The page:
Format: PDF / Kindle (mobi) / ePub
The #1 New York Times bestseller! Michael Jackson’s one and only autobiography – his life, in his words.
With original Foreword by Jacqueline Kennedy Onassis, a new Introduction by Motown founder Berry Gordy, and an Afterword by Michael Jackson’s editor and publisher, Shaye Areheart.
“I’ve always wanted to be able to tell stories, you know, stories that came from my soul. I’d like to sit by a fire and tell people stories – make them see pictures, make them cry and laugh, take them anywhere emotionally with something as deceptively simple as words. I’d like to tell tales to move their souls and transform them. I’ve always wanted to be able to do that. Imagine how the great writers must feel, knowing they have that power. I sometimes feel I could do it. It’s something I’d like to develop. In a way, songwriting uses the same skills, creates the emotional highs and lows, but the story is a sketch. It’s quicksilver. There are very few books written on the art of storytelling, how to grip listeners, how to get a group of people together and amuse them. No costumes, no makeup, no nothing, just you and your voice, and your powerful ability to take them anywhere, to transform their lives, if only for minutes.” –Michael Jackson, in Moonwalk
From the 1988 edition:
Megastar Michael Jackson’s singularly brilliant career and intensely private lifestyle have become a magnificent obsession for millions of rock fans and celebrity watchers throughout the world. His double-platinum singles rocket to the top of the music charts with a velocity equaled only by the inevitable accompaniment of wild rumors about his eccentric personal life. Now for the first time, Michael Jackson breaks the fiercely guarded barrier of silence that has surrounded him in a remarkably candid and courageous book — Moonwalk.
In this intimate and often moving personal account of Michael Jackson’s public and private life, he recalls a childhood that was both harsh and joyful but always formidable. Michael and his brothers played amateur music shows and seamy Chicago strip joints until Motown’s corporate image makers turned the Jackson 5 into worldwide superstars. Michael Jackson and the Jackson 5 have combined sales of over 200 million albums. He talks about the happy prankster days of his youth, traveling with his brothers, and of his sometimes difficult relationships with his family over the years. He speaks candidly about the inspiration behind his music, his mesmerizing dance moves, and the compulsive drive to create that has made him one of the biggest stars in the music business and a legend in his own time. The Guinness Book of World Records lists Thriller as the biggest-selling-album of all time.
In Moonwalk, Michael Jackson shares his personal feelings about some of his most public friends…friends like Diana Ross, Berry Gordy, Quincy Jones, Paul McCartney, Fred Astaire, Marlon Brando, and Katharine Hepburn. He talks openly about the crushing isolation of his fame, of his first love, of his plastic surgery, and of his wholly exceptional career and the often bizarre and unfair rumors that have surrounded it.
Illustrated with rare photographs from Jackson family albums and Michael’s personal photographic archives, as well as a drawing done by Michael exclusively for this book, Moonwalk is a memorable journey to the very heart and soul of a modern musical genius.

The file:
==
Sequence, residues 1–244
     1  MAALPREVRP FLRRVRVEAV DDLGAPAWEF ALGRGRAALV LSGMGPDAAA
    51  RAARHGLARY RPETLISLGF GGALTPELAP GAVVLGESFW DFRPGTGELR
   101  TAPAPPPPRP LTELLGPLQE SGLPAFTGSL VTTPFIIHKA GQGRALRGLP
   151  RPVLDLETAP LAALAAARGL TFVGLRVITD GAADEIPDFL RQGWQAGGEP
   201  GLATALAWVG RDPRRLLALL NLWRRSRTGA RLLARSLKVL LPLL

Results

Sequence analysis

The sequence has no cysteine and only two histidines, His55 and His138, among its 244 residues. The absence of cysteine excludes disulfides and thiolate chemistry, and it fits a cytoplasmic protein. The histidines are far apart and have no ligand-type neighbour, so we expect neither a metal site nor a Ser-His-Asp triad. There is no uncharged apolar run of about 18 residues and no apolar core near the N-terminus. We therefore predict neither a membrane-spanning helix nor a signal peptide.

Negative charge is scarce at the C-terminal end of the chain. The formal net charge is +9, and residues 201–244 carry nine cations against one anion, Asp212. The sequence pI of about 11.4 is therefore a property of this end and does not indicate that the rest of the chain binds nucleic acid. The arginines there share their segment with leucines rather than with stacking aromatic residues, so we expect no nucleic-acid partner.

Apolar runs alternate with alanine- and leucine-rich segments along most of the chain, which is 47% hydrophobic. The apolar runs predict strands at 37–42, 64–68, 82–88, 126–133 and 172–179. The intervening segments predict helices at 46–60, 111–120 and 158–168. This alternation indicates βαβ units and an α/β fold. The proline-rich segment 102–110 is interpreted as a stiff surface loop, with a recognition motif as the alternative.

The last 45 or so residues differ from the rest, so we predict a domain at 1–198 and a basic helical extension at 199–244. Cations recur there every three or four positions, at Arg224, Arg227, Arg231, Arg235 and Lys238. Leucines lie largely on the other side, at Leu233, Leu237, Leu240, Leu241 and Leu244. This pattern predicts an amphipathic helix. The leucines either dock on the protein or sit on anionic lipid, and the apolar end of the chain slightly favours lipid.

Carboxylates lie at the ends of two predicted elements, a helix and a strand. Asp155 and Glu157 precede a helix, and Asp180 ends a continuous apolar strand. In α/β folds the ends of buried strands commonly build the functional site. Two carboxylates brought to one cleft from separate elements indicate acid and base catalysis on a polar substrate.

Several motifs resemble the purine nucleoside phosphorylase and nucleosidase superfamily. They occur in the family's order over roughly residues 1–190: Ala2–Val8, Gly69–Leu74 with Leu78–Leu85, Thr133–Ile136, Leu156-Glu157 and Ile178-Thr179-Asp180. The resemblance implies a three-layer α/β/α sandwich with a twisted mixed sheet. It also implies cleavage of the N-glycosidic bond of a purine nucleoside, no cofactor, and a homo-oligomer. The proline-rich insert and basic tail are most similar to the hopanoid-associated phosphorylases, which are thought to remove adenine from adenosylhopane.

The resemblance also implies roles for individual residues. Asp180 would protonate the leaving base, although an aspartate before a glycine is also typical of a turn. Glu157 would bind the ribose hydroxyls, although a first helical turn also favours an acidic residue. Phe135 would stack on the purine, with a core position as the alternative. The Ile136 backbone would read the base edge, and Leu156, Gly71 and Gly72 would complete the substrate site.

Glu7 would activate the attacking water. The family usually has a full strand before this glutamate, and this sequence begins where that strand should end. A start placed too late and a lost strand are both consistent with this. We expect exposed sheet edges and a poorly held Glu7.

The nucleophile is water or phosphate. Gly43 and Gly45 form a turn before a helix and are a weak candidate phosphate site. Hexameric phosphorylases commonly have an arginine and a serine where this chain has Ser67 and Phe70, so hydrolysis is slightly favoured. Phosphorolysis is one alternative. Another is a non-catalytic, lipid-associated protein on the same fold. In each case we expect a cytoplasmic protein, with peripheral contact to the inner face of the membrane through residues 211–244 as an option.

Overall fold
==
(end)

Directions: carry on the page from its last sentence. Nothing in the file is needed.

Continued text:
could see while they were doing it that it was getting better and better. They would change words, arrangements, rhythms, everything. Berry gave them the freedom to work this way because of his own perfectionist nature. I guess if they hadn’t been doing it, he would have. Berry had such a knack. He’d just walk into the room where we were working and tell me what to do and he’d be right. It was amazing. When “I Want You Back” was released in November 1969, it sold two million copies in six weeks
and mine working together, and we also did work on “Say Say Say,” which we would finish up later with George Martin, the great Beatles producer. “Say Say Say” was coauthored by Paul, a man who could play all the instruments in the studio and score every part, and a kid, me, who couldn’t. Yet we worked together as equals and enjoyed ourselves. Paul never had to carry me in that studio. The collaboration was also a real step forward for me in terms of confidence, because there was no Quincy Jones
I’d say, “Da, de, da, de” and they’d say, “Da, de, da, de.” There’ve been times when I’ve done that and they would start stomping. And when the whole audience is doing that, it sounds like an earthquake. Oh! It’s a great feeling to be able to do that with all those people—whole stadiums—and they’re all doing the same thing you’re doing. It’s the greatest feeling in the world. You look out in the audience and see toddlers and teens and grandparents and people in their twenties and thirties.
the best record that we can. We don’t ever try to pander to the fans. We just try to play on the quality of the song. People will not buy junk. They’ll only buy what they like. If you take all the trouble to get in your car, go to the record store, and put your money on the counter, you’ve got to really like what you’re going to buy. You don’t say, “I’ll put a country song on here for the country market, a rock song for that market,” and so on. I feel close to all different styles of music. I
were always very sweet to us and they just loved me. Those teachers were so wonderful; I’d be promoted from one grade to the next and they’d all cry and hug me and tell me how much they hated to see me leave their classes. I was so crazy about my teachers that I’d steal my mother’s jewelry and give it to them as presents. They’d be very touched, but eventually my mother found out about it, and put an end to my generosity with her things. That urge that I had to give them something in return for